Charles Wade's First World War experience
To mark the 100th anniversary of the end of the First World War a small exhibition in the manor during November shares the story of Charles Wade's conscription.
‘‘How it is possible to entirely escape…in the midst of all the horrors of war" reflected Snowshill Manor's former owner Charles Wade on returning from the battlefields.
Conscripted to serve in 1916, Mr Wade was called up as a Sapper in the Royal Engineers in 1917. Unsuited to army life and seeing devastation all around, Wade turned to the painting and drawing that he had enjoyed since childhood, as a way of escaping the awful sights of war. Ruined landscapes were depicted as whole again and he created scenes of fantasy gardens.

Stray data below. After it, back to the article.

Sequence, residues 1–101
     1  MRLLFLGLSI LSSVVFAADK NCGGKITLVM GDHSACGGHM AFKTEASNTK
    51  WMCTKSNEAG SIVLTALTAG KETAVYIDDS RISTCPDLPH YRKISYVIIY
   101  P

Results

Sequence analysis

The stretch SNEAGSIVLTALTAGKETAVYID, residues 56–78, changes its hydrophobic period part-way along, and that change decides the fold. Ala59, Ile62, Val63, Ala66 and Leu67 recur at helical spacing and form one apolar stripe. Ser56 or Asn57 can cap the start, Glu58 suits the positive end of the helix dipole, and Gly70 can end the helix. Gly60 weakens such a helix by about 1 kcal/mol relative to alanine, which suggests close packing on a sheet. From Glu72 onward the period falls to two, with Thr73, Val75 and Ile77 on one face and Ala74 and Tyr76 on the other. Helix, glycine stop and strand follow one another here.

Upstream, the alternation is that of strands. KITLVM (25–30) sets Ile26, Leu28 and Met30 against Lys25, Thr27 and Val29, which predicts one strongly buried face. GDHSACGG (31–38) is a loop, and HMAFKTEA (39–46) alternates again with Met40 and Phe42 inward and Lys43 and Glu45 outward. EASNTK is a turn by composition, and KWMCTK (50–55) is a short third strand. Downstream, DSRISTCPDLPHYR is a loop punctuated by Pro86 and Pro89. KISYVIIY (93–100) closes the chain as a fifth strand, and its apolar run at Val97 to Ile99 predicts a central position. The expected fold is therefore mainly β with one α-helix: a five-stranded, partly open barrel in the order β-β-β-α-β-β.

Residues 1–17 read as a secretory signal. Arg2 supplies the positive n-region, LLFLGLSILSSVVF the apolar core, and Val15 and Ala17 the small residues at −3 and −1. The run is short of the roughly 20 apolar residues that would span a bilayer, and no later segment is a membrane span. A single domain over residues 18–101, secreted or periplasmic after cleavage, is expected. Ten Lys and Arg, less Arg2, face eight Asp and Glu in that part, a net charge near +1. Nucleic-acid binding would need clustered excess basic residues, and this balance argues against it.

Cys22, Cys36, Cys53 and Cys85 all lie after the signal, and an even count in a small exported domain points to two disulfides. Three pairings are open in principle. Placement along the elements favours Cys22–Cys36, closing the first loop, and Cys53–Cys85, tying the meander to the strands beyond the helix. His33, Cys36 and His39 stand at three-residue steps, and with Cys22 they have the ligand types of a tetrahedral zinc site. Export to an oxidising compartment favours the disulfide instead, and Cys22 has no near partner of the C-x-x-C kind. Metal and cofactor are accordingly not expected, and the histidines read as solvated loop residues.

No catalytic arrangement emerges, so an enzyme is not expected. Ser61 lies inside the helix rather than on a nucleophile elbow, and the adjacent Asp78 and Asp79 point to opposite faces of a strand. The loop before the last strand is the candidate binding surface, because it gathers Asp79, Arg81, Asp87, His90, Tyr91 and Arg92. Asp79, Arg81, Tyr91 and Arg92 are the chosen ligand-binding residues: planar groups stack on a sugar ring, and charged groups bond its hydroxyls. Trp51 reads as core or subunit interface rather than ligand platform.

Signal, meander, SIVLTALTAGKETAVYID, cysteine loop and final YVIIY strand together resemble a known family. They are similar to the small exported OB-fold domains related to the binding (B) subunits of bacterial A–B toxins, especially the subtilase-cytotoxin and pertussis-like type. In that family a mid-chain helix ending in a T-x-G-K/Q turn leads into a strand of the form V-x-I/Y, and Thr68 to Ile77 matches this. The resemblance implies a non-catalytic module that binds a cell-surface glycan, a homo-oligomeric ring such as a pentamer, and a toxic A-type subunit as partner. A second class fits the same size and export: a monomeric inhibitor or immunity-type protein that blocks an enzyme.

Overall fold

A chance discovery
Assigned the duties of Orderly Room Clerk, he dressed and decorated his accommodation to recall the comforts of home. While working in France, he discovered a copy of Country Life magazine with a notice for the sale at auction of Snowshill Manor.
On his return home after the war, he found the manor was still for sale and in 1919 he was able to buy it. He restored it to its former glory and filled it with his collection of craftsman made objects, true to his personal motto ‘Let Nothing Perish’.